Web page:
The combined effect of the proposed sanitation and pollution levy; and the excess capacity levy will be an increase in the price of fuel at the pumps, caretaker Finance Minister Osei Kyei-Mensah-Bonsu has said.
The Suame MP told Parliament on Friday, 12 March 2021 when he presented this year’s budget and economic statement that “to provide the requisite resources” to address Ghana’s sanitation and pollution challenges, “the government is proposing a Sanitation and Pollution Levy (SPL) of 10 pesewas on the price per litre of petrol/diesel under the Energy Sector Levies Act (ESLA)”.
Concerning the levy regarding the cost incurred by the government as a result of its monthly payment for excess capacity charges, the Majority Leader said it would be recalled that when crude oil prices increased substantially between 2017 and 2018, the government abolished excise taxes and reduced the special petroleum tax from 17.5 per cent to 13 per cent to mitigate the impact on domestic petroleum prices.
According to him, despite the “substantial progress made by the Akufo-Addo government, there is the need to find additional resources to cover the excess capacity charges that have resulted from the Power Purchase Agreements (PPAs) signed by the previous government, which required payments for capacity charges even when the plants involved were idle or unutilised”.
“It has become very necessary for the government to consider a review of the energy sector levies. The Energy Sector Recovery Levy of 20 pesewas per litre on petrol/diesel under the ESLA is hereby submitted to this House for approval”.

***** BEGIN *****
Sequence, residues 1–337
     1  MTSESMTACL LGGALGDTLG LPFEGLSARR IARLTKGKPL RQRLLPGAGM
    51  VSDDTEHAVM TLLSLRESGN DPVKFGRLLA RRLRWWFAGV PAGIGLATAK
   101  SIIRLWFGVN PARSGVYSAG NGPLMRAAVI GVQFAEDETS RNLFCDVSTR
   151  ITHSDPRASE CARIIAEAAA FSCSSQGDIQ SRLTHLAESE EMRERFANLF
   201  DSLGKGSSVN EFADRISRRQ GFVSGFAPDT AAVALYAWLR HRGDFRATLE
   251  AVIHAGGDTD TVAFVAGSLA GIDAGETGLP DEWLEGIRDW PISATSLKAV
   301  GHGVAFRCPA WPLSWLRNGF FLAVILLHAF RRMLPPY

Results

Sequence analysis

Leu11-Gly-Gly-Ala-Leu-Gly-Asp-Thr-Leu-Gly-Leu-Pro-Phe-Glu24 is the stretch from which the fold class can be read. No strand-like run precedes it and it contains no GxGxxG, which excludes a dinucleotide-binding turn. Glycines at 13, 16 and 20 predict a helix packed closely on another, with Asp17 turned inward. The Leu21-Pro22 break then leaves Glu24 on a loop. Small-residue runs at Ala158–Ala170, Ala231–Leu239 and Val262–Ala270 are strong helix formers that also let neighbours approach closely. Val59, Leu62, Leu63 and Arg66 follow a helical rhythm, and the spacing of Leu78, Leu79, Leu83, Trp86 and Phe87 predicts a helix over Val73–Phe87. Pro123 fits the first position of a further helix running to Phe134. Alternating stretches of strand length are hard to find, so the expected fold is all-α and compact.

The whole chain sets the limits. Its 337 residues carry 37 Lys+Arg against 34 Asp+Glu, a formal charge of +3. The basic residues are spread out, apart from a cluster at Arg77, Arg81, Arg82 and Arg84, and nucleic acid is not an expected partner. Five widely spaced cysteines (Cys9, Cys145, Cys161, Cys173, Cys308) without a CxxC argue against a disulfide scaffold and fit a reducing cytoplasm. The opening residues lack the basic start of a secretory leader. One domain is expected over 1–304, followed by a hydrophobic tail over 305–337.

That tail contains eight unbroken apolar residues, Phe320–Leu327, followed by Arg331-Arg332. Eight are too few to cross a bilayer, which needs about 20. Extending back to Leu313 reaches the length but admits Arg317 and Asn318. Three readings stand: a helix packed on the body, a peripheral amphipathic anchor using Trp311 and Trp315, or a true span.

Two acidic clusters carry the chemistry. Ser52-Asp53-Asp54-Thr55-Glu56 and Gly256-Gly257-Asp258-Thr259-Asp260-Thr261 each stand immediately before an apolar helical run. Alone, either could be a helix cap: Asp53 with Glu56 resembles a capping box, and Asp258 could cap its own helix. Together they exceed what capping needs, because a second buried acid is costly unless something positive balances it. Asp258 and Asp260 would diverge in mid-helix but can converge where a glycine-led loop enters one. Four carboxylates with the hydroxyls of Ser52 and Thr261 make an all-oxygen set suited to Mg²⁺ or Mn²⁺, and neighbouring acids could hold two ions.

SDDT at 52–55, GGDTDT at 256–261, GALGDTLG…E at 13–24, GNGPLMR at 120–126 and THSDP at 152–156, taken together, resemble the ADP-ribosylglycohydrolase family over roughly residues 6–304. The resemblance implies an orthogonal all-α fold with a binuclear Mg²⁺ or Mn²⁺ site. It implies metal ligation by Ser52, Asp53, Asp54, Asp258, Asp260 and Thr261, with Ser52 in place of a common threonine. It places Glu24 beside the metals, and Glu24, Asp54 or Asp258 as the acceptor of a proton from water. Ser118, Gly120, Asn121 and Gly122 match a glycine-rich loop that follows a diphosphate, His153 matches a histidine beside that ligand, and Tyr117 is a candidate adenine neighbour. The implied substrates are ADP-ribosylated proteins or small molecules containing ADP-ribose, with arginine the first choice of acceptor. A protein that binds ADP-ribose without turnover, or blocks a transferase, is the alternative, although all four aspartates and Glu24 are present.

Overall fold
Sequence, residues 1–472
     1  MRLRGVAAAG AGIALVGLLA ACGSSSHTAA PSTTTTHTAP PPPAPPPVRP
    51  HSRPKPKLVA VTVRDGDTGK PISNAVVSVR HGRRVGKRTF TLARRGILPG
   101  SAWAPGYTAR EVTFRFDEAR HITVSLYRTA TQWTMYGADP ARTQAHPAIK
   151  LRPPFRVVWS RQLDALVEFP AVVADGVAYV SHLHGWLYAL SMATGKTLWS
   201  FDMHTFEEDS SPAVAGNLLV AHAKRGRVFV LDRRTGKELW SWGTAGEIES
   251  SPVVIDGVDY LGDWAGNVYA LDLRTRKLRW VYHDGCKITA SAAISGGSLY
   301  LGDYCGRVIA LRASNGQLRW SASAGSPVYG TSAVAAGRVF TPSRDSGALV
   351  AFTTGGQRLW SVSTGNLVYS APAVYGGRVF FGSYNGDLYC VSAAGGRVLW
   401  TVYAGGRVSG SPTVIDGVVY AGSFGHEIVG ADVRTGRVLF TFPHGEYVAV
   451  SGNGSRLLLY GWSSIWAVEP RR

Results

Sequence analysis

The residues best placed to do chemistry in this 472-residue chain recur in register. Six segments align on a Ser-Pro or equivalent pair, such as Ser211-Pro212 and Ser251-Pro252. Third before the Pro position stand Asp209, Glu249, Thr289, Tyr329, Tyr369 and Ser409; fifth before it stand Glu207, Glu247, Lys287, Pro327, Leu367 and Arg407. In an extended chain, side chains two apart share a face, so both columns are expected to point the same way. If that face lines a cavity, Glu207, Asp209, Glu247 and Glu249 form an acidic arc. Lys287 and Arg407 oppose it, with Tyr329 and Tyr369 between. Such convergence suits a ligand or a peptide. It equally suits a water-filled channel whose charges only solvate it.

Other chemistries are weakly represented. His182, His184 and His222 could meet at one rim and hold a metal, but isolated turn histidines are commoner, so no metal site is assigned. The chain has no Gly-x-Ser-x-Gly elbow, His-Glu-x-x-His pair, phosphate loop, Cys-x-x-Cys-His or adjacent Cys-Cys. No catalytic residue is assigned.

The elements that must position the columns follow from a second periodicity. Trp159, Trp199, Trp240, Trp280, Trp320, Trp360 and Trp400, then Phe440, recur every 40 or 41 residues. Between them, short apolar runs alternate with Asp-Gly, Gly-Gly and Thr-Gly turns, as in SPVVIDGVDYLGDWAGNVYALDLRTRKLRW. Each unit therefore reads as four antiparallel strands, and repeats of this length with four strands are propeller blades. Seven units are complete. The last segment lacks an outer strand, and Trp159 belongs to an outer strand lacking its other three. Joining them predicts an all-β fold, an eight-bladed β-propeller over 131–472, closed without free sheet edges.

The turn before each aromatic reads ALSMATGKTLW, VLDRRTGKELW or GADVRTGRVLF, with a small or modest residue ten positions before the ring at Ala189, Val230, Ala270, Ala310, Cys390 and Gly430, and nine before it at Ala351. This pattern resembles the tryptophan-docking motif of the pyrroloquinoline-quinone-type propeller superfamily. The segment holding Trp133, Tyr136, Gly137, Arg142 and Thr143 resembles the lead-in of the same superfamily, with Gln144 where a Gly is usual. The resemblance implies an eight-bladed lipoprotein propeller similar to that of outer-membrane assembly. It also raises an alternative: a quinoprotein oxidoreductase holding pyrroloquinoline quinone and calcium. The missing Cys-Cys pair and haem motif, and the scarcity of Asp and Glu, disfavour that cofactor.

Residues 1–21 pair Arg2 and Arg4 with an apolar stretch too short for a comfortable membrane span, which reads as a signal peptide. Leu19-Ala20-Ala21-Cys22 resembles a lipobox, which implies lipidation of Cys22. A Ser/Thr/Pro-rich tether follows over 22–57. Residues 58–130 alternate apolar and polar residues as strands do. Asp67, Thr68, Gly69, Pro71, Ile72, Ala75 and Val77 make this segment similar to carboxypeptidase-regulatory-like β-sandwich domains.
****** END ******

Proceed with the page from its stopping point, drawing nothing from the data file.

The Minister of Parliamentary Affairs then said: “I should note that on the basis of existing world crude oil prices, the implementation of the two proposed levies for sanitation and pollution as well as to pay for excess capacity charges, would result in a 5.7% increase in petroleum prices at the pump”.
Despite that, Mr Kyei-Mensah-Bonsu insisted that the data shows that under the Akufo-Addo government, the increase in petroleum prices is the “lowest in the Fourth Republic”.
“In the year 2020, for example, there was a cumulative net decrease in petrol prices at the pump by 7.46% and diesel by 9.53%. Between 2009 and 2012 average petrol prices increased by 29.5% annually. Between 2013 and 2016, average petrol prices increased by 24% annually. Between 2017 and 2020, average petrol prices increased by 8.26% annually”, he quoted from the National Petroleum Authority (NPA).
“Mr Speaker, this confirms the fact that we are better managers of the economy, more disposed to reducing and/or abolishing taxes and prudent in the use of taxpayers’ money”.